Up From Slavery: An Autobiography by Booker T. Washington, 1901
Booker T. Washington (c.1856-1915) is considered one of the most influential African American leaders at the turn of the last century. Born a slave in Franklin County, Virginia, Washington helped found the Tuskegee Institute in Alabama and was a national leader who preached a philosophy of self-help, racial solidarity and accommodation. Up From Slavery: An Autobiography, 1901, includes two major references to Richmond, Virginia.
Special Collections and Archives' copy of Up From Slavery: An Autobiography (1901) by Booker T. Washington is inscribed. It reads “… with kind wishes of Booker T. Washington, April 14, 1901.” But to whom this copy was inscribed is unknown - that part of the inscription has been erased presumably by an earlier owner. The book was published in March of 1901.
In the closing passage of his autobiography, Washington refers to his February 11, 1901 visit to Richmond when he spoke before nearly 1,100 people at the Mozart Academy of Music which was located on Eighth Street between Grace and Franklin. The audience was integrated but African Americans were required to sit in the theater balcony. The Richmond Planet, then most popular and influential African American newspaper in Richmond, provided extensive news coverage of the event in its February 16, 1901 issue.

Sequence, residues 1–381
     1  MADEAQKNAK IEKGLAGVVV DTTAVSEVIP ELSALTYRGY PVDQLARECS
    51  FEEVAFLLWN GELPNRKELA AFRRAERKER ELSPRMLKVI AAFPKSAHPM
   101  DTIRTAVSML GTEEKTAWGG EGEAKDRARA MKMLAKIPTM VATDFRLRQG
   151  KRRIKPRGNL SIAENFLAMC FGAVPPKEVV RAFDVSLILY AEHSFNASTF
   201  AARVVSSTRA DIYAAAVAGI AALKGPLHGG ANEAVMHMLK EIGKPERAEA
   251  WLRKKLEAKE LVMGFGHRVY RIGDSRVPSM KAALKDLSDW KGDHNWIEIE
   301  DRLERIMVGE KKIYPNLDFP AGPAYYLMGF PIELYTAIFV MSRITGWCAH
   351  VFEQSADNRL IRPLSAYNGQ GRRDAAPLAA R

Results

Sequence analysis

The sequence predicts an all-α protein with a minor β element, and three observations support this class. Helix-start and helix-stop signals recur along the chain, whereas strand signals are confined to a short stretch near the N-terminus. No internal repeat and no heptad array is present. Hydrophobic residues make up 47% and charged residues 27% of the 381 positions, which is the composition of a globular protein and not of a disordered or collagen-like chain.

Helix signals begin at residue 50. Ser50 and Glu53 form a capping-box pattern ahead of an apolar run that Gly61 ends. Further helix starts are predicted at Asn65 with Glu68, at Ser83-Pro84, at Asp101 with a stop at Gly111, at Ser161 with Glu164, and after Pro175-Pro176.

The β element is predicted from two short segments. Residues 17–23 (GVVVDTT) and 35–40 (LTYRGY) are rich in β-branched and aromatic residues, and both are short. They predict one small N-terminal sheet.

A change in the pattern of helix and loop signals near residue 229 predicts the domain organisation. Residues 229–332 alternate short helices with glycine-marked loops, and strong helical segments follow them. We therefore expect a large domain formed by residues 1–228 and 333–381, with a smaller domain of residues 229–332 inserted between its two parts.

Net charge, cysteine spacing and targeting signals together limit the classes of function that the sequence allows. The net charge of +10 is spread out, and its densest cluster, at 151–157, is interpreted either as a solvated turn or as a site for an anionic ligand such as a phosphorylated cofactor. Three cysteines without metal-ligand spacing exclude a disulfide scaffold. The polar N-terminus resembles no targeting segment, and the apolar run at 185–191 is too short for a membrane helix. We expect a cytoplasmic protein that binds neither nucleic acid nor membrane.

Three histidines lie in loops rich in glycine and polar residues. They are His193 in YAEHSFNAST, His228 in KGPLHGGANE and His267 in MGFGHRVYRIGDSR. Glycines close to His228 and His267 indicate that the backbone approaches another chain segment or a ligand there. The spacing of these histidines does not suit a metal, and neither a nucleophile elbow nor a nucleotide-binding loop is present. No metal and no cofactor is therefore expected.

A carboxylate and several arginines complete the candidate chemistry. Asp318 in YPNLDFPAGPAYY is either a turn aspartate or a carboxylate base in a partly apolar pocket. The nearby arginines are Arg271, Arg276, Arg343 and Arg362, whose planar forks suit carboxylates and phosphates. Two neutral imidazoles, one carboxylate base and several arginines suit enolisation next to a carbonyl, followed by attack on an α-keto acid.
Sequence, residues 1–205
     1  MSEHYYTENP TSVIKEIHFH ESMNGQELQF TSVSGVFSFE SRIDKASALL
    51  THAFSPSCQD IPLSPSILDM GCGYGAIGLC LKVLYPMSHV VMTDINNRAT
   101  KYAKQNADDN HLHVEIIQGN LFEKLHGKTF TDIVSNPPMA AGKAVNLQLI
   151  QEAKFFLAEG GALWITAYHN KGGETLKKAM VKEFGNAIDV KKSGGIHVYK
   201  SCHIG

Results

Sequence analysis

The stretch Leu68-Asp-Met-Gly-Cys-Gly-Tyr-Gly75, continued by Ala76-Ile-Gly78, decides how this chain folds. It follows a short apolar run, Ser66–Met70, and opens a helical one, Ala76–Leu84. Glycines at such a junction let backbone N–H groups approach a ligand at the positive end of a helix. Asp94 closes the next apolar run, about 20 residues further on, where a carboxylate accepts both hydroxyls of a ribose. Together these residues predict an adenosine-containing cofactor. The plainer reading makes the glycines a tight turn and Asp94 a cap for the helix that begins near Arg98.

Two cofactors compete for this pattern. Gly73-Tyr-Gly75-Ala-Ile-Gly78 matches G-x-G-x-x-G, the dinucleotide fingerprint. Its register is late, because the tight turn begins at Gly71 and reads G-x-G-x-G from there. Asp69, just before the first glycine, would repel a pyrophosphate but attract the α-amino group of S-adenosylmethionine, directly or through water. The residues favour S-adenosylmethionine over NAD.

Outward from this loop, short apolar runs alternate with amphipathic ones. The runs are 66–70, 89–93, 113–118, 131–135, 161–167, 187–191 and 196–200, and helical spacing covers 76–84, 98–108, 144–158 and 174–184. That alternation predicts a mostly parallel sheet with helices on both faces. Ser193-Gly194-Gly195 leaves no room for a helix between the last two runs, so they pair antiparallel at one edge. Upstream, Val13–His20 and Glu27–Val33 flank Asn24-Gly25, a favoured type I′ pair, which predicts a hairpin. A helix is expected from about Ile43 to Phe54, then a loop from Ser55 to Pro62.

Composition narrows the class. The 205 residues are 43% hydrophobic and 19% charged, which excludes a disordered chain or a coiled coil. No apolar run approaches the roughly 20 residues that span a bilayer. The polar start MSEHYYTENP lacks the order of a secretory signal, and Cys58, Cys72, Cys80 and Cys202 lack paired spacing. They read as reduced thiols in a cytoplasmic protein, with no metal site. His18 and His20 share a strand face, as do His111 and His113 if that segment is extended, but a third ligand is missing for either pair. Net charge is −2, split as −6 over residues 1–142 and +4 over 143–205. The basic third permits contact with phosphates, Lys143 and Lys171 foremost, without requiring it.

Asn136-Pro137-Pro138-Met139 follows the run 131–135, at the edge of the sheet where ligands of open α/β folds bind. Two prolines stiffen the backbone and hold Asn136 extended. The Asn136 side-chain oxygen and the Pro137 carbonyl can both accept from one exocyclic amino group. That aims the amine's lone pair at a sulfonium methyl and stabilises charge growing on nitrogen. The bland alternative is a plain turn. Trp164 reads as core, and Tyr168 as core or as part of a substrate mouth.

Booker T. Washington visited Richmond on more than one occasion. Two locations of major addresses he gave before large crowds are now buildings owned by VCU.
His first major address in the city took place on November 17, 1896 which was covered in the November 21, 1896 of Richmond Planet. It took place at what then the First African Baptist Church building at 301 College Street. It is now owned by VCU and is called Randolph Minor Hall.
His last major address in Richmond took place on November 7, 1913 at the City Auditorium, Cary and Linden Streets, which is now VCU's Cary Street Gym. The crowd was reported in the November 8, 1913 issue of the Richmond Times-Dispatch to number 4,000 and was attended by Virginia Gov. William Hodges Mann and other dignitaries.